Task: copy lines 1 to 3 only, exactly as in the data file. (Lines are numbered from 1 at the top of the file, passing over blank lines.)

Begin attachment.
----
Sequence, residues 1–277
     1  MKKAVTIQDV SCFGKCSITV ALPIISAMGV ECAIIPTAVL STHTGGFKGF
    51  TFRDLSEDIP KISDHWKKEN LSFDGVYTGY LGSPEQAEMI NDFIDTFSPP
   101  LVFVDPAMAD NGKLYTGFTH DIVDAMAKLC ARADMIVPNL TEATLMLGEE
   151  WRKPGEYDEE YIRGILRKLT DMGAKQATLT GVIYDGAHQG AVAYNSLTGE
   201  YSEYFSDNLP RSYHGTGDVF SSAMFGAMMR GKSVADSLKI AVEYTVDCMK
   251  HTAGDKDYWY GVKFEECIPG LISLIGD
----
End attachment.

Sequence, residues 1–277
     1  MKKAVTIQDV SCFGKCSITV ALPIISAMGV ECAIIPTAVL STHTGGFKGF
    51  TFRDLSEDIP KISDHWKKEN LSFDGVYTGY LGSPEQAEMI NDFIDTFSPP